- Stuart Trew fleshes out the Cons' new(-ly explicit) Corporate Cronies Action Plan - and it goes even further in entrenching corporate control over policy than one might have expected at first glance:
- The makeup of the advisory panel that consulted with Trade Minister Fast skews the new Action Plan in favour energy- and water-intensive agricultural export sectors, multinational business represented by the CCCE, and the energy sector. There was no worker representation on the advisory committee. And the involvement of the Canadian Federation of Independent Business is arguably more of a cover for Harper than a sign that Canada's trade policy is designed to help small- and medium-sized companies the most. The Action Plan says SMEs are the "backbone" of the Canadian economy and yet only 41,000 of 1.09 million companies are engaged in external trade. That is a very domestically oriented backbone.- Meanwhile, CBC reports that the Cons are breaking yet another promise to regulate oil-sector greenhouse gas emissions. And the most they've learned after constantly scrapping their promised timelines is not to bother offering any more commitments.
- This corporate advisory committee will become, under the Action Plan, a permanent "advisory council" that "will include two standing subcommittees, one on emerging markets and the other on established markets. Comprising business and industry leaders, experts in international business and key representatives from the SME community, the subcommittees will bring together the voices of all businesses, big and small. They will provide strategic insight, advice and real-world perspectives on how to keep the market access plans relevant to Canadian business needs." Will the meetings be private, like Minister Flaherty's corporate summer retreats in Wakefield? The advisory council meetings were (see below).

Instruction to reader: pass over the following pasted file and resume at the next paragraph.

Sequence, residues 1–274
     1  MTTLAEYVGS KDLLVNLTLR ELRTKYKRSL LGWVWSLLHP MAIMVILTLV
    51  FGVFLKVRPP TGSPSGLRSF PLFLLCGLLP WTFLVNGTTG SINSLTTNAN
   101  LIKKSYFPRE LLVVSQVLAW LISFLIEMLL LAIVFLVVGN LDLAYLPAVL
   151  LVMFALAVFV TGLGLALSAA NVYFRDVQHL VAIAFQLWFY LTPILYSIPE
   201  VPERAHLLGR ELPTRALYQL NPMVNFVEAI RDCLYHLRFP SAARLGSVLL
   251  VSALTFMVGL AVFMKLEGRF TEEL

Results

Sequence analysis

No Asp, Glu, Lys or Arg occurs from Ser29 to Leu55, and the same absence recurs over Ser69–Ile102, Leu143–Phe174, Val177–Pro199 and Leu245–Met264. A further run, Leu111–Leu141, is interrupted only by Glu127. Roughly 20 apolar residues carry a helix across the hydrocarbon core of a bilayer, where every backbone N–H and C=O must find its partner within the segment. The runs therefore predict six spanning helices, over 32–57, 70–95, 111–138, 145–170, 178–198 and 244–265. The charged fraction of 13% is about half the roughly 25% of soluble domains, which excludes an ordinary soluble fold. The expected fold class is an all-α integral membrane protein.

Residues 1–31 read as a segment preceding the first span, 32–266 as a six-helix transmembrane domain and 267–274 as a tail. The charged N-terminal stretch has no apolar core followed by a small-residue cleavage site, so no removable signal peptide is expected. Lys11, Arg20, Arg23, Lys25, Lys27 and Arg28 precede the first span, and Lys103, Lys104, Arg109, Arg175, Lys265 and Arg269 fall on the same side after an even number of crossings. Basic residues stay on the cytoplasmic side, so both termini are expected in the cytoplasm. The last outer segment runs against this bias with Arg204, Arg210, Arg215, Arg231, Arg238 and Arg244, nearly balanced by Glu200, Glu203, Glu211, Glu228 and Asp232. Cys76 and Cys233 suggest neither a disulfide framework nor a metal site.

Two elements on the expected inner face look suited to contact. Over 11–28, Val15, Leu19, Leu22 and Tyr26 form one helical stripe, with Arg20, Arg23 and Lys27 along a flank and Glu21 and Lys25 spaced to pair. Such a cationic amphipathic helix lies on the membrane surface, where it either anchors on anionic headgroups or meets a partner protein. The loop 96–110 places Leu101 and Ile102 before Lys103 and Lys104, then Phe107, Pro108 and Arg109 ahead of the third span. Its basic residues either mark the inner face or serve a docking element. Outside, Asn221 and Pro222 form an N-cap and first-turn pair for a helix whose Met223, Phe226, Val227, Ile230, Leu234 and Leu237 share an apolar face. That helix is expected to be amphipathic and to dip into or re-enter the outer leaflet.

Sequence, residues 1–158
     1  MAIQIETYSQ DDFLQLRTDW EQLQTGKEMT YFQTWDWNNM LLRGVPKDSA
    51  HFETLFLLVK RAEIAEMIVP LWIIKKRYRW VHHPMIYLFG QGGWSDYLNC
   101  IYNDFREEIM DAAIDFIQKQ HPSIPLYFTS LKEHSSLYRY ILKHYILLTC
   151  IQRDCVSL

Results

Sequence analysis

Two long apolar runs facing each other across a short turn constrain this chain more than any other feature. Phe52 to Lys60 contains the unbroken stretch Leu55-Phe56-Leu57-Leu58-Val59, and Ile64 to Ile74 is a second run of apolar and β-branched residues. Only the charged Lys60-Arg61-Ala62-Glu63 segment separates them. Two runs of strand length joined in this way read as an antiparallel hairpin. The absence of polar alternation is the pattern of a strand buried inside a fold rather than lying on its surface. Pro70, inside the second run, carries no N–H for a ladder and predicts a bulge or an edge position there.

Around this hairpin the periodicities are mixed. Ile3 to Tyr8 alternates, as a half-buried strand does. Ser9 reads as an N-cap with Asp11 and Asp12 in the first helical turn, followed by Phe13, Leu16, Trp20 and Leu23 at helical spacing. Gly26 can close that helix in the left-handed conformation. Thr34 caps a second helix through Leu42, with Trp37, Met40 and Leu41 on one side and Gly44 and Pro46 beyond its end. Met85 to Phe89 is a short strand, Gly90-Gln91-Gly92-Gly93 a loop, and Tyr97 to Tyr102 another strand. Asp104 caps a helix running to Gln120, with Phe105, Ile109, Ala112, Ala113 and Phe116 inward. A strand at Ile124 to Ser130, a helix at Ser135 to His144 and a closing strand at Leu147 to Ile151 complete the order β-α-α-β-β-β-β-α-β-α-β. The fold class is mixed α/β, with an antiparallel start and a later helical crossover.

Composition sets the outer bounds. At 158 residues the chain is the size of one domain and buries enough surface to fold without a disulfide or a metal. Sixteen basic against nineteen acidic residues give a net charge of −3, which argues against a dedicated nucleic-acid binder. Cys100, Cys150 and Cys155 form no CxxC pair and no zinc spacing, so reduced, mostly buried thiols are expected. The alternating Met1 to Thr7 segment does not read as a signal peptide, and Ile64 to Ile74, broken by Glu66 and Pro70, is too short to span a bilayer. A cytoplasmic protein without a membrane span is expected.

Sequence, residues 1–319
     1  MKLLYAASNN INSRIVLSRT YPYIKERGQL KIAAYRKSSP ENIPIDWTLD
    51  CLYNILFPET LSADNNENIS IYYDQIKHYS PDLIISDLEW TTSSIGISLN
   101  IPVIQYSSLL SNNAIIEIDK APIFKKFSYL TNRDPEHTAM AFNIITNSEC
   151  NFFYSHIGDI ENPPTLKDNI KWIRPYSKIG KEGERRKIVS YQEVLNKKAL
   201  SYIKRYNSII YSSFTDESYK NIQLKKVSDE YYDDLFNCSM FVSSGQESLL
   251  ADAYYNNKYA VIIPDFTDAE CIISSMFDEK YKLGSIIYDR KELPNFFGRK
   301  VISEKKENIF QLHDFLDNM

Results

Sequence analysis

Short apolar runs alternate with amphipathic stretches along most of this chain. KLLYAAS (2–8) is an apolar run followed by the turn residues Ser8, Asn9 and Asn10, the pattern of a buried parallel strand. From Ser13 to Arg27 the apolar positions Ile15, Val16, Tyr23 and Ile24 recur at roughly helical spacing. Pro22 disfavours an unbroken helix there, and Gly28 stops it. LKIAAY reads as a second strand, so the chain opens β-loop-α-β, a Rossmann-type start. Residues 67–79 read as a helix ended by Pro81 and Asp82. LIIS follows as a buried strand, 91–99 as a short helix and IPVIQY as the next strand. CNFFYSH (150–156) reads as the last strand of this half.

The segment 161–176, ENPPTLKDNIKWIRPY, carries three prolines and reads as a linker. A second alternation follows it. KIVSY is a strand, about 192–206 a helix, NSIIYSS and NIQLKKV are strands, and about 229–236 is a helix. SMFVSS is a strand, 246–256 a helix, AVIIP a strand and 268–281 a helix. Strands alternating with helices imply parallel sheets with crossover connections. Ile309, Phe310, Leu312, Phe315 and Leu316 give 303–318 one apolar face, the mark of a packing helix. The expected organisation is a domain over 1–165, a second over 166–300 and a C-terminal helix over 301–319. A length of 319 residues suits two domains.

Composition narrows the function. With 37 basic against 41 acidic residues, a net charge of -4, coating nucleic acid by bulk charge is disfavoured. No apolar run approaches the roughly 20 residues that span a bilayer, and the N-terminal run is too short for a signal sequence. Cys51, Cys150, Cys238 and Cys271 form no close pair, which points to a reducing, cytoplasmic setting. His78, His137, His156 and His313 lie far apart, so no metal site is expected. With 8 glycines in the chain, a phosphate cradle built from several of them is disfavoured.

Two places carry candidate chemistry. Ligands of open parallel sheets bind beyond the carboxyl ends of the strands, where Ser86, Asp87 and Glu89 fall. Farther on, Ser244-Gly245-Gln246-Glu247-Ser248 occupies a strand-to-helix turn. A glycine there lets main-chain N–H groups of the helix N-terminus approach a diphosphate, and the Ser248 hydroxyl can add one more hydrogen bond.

- The government-business merger will work both ways. The Harper government will place "embedded Government of Canada personnel within key industry associations in order to gain better insight into sectoral needs and ensure these are reflected in services provided." Why spend money to hire a lobbyist in Ottawa when you can have the government spending the public's money to attending your meetings?
- David Climenhaga writes that Alison Redford's PCs are attacking precisely the voters who allowed them to hold onto power by imposing draconian wage freezes on public-sector workers. But I'm not sure it's fair to be surprised that an anti-social party is imposing anti-social policy - and indeed the more important lesson may be one about the dangers of settling for a "lesser of the evils" government which will gleefully turn against workers when it sees an opportunity to do so.
- The Star again laments Canada's utter failure to live up to its 1989 commitment to end child poverty, while Carol Goar similarly criticizes the right's attacks on unemployment benefits. And Tim Harford recognizes the case for a guaranteed annual income - which would go a long way toward ending poverty in general.
- Finally, Keith Reynolds discusses what happens when P3s and offshore tax avoidance intersect - with a B.C. hospital serving as a clear example:
Partnerships BC considers the taxes paid by the private P3 partner when it is deciding whether or not to choose the public-private partnership method of project development. Partnerships BC claims these private sector taxes as an advantage of P3s, but what happens if the project is moved to a tax haven and taxes paid decline dramatically?
So how is B.C. reacting to this? What are they doing about the possibility the tax revenues they projected from P3s are disappearing into tax havens like Luxembourg? As it turns out, absolutely nothing. An earlier blog post found the Ministry of Finance in response to a Freedom of Information request asking about the impact of tax havens and P3s said "although a thorough search was conducted, no responsive records were located. Your file is now closed."
Partnerships BC provided 75 pages of material in response to the same request. None of it dealt with the tax impact to government if a project moved to a tax haven.
Now one more B.C. public-private partnership has seen its ownership move to Luxembourg. What is the cost to taxpayers? Nobody knows and the results from FOI requests suggest the government isn't looking.